I had the most fascinating experience with customer service this week while traveling with my rental car provider. I’m signed up for their ‘preferred service’ and my vehicle was there, but on the other side of the terminal when I arrived. I went to the desk, “It’s on its way, give us 15 minutes.” Nothing. I returned to the desk, “It should be here, just wait there.” Nothing. On my third attempt after waiting an hour, I was not going to leave the counter. I wanted answers. Just give me another car I said. It was Orlando and Summer and Disney World. So, I get it, its busy. I can be patient, but I need more explanation as to why I wasn’t being treated in a Preferred Way. The lady at the desk looked like she was about 22. She said she’d help me and ran off into the garage. Five minutes later she returned, but she would not look me in the eye. She ran around the counter, behind glass, avoiding looking at me or telling me what was up. I started to wonder – what happened to my car? Finally, she resolved the issue and looked at me. “We gave away your car by mistake.” I looked at her, waiting for the resolution. “We’ll give you a better car and I’ve removed the gas fee at the end.” She handed me a card and shoved the key in my hands, desperate to get rid of me. It was a card to complain to her manager. This must happen a lot in the preferred service lane. The thing is, I was not that angry, even though my kids were waiting. I just wanted good customer service. What is that? I just want feedback – I want to be informed what is going on. I want the people working with me to be patient, smile and look me in the face. So many things get easier when customer service goes this way. When they acknowledge the issue, but work with me and keep me in the loop. That is all good customer service is really. Contrast this to calling customer service at Comcast, where no matter how I feel, they respond with “Hope you have a nice day.” They are not responding to my actual issues, no resolution, with them its me against them. Instead of them working with me. In order to train good customer service, we have to teach people new ways of interacting that are emotionally responsive, courteous and empower them with the ability to make decisions on the go. It is really simple, but it takes an investment in teaching people how to show up and interact in the...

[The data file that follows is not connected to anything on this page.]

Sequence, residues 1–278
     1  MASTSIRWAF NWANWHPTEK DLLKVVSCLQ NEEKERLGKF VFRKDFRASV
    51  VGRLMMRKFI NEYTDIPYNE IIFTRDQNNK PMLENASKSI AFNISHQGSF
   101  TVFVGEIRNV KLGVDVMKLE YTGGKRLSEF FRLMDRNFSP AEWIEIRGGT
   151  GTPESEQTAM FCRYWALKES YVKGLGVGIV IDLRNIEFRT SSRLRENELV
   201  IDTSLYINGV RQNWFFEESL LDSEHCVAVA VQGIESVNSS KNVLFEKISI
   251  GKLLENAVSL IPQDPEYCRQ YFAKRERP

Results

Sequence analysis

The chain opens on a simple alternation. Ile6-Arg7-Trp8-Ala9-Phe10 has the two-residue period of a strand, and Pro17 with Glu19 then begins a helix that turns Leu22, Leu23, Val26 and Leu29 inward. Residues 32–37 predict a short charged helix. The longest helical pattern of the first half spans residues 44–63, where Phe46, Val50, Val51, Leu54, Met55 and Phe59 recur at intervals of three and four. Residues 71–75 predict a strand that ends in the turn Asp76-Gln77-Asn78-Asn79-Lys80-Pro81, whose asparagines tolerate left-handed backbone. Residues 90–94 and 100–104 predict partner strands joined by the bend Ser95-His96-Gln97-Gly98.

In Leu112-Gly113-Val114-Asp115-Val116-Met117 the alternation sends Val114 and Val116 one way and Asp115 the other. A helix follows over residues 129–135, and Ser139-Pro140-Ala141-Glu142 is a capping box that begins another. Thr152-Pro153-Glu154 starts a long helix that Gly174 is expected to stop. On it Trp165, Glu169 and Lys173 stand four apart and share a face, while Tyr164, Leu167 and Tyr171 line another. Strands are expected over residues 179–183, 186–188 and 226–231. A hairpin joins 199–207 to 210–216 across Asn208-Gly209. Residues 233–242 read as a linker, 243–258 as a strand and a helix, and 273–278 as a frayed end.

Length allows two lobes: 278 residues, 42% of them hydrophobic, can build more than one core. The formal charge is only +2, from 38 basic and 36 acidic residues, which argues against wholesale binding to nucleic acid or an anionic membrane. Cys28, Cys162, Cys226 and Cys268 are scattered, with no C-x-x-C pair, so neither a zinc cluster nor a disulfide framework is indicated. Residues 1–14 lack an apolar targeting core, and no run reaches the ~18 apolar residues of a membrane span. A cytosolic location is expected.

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Transforming Fear

Posted by on 2:54 pm in Being You, Emotion, Poetry | 0 comments

Fear An energetic messenger A reminder of unknown outcomes As it lands in your body, tickling your soul, Fear says: Wake Up. Feel. Listen. There is much to learn here Stick around a little longer Breathe into me Allow me to transform into Courage, Compassion, Forgiveness and Truth

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Action is Queen